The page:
Competing with a Mac: How BlackBerry blew it, the inside story â€“ The Globe and Mail
Gammy Dodger stashed this in Business Tips and Tricks
The whole article is worth reading, detailing as it does the decision process inside BlackBerry during the painful disruption of its core business.
What struck me most however was how similar their decisions were to those of Nokia at about the same time. Consider:
- The engineering priorities placed on optimization around constrained hardware. Although engineers knew how to build the right products, the business priorities caused them to be deployed in the wrong direction.
- The delays these misdirected efforts caused. Mobile phones have narrow windows of opportunity but long lead times. A strategic mistake is very costly and most probably impossible to remedy. In the case of BlackBerry, buying QNX came too late while for Nokia the deprecation of Symbian was catastrophically managed.
- The feedback loop from network operators which shut down any initiatives for improved user experiences. Your best customers provide all the wrong information when the market is being disrupted. Ignoring them is impossible while complying is a strategic mistake.
- The demand from network operators to develop â€śkillersâ€ť to competing platform-based products and the subsequent â€śjumping at the opportunityâ€ť.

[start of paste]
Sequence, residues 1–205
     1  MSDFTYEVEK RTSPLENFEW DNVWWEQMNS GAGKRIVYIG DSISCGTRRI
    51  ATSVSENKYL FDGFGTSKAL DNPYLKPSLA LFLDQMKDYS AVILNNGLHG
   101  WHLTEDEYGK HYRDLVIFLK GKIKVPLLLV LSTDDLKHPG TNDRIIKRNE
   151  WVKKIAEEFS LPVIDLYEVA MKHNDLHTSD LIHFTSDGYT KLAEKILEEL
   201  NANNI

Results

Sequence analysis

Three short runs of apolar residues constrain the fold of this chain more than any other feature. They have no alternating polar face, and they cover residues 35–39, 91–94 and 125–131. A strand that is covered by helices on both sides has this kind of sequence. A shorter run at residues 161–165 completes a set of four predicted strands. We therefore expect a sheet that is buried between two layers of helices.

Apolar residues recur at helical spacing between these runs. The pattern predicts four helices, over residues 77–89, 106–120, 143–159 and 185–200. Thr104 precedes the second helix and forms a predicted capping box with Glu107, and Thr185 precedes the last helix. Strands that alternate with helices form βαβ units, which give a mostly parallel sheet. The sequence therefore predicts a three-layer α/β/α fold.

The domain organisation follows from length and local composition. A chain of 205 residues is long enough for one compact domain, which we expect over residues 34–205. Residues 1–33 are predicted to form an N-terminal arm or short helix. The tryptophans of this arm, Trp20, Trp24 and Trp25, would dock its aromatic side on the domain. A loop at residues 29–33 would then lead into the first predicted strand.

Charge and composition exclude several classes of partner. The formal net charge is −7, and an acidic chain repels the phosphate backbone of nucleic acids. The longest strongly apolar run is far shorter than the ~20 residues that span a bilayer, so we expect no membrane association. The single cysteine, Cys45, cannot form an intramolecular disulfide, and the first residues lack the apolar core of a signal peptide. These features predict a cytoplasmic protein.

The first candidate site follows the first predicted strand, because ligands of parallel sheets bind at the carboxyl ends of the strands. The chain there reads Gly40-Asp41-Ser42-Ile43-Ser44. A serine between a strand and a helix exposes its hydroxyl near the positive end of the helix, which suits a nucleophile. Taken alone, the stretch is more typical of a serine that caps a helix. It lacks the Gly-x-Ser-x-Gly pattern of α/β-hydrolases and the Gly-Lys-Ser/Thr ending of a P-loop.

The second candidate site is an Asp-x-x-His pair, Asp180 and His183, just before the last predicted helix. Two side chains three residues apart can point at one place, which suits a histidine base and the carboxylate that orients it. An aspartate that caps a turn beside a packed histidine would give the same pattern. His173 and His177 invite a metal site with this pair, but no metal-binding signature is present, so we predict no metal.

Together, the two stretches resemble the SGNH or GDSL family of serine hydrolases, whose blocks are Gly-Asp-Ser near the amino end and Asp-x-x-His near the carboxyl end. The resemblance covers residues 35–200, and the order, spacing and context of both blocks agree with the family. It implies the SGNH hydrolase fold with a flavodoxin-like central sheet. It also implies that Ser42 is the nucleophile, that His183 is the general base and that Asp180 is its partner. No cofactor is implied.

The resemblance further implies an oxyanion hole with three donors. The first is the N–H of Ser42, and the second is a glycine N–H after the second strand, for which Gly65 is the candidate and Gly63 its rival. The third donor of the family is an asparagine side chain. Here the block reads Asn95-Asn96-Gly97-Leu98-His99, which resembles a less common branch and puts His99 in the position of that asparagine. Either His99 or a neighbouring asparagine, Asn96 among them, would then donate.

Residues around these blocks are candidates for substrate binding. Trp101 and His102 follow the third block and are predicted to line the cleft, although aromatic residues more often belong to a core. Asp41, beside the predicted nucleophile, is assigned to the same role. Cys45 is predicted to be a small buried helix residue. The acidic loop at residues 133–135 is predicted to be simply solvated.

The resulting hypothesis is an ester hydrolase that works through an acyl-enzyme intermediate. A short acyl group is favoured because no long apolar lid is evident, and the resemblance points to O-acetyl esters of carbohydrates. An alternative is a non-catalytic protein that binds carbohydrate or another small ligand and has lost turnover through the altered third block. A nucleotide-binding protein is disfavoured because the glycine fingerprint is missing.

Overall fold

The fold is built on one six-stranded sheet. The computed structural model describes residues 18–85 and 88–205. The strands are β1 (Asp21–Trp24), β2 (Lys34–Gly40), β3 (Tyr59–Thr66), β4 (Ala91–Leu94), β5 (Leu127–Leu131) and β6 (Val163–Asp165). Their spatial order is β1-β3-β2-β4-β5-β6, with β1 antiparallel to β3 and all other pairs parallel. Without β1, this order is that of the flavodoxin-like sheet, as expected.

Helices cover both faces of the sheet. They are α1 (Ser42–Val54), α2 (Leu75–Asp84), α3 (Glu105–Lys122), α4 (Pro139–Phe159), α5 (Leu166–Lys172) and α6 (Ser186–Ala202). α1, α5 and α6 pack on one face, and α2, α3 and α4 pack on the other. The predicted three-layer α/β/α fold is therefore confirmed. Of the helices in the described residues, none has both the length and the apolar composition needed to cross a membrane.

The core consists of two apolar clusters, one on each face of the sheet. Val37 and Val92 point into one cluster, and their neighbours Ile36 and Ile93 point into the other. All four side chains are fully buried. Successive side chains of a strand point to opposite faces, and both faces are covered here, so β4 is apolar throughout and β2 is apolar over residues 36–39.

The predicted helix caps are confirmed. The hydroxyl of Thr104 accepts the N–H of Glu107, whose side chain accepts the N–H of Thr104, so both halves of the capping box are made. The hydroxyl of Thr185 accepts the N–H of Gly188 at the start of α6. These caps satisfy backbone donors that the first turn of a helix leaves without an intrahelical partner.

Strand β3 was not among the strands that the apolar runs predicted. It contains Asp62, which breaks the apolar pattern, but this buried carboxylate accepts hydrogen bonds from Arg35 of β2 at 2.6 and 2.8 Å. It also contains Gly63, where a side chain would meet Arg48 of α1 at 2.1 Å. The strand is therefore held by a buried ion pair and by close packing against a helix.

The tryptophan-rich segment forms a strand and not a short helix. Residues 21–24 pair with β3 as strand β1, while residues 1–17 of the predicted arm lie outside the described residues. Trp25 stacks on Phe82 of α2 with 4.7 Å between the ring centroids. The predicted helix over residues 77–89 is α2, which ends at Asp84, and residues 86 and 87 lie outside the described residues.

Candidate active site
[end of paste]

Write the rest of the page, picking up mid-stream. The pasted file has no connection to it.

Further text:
- Listening to large buyers at the expense of users. While BlackBerry was guided to omit consumer features from its enterprise buyers, Nokia never secured enterprise buyers of any significance. Nevertheless it created the â€śE seriesâ€ť business-friendly phones which suppressed features like cameras and music.
- The celebrity sponsorships and wasted promotional efforts in the face of structural failures. Â This is manifested today by HTC as well.
Apple disrupted the market, and the main players to realize it were Google and Samsung.
Apple and Samsung took over the high end, and Google commoditized everything else.
The six years since iPhone entered the market have gone by really fast.
Microsoft, Nokia, and Blackberry were caught off guard. The very definition of being disrupted.
Microsoft is used to watching a market pass it by and then slowly catch up in a war of attrition.
Unlike Nokia and Blackberry, Microsoft has the Windows and Office monopolies to fund the slow war.
The big thing that surprised me is that Microsoft didn't buy Blackberry. Maybe that's still coming.